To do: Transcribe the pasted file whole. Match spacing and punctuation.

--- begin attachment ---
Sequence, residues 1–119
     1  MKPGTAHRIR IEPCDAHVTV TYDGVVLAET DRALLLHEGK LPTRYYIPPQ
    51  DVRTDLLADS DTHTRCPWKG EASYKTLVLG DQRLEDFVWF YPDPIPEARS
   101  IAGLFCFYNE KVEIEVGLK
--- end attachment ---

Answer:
Sequence, residues 1–119
     1  MKPGTAHRIR IEPCDAHVTV TYDGVVLAET DRALLLHEGK LPTRYYIPPQ
    51  DVRTDLLADS DTHTRCPWKG EASYKTLVLG DQRLEDFVWF YPDPIPEARS
   101  IAGLFCFYNE KVEIEVGLK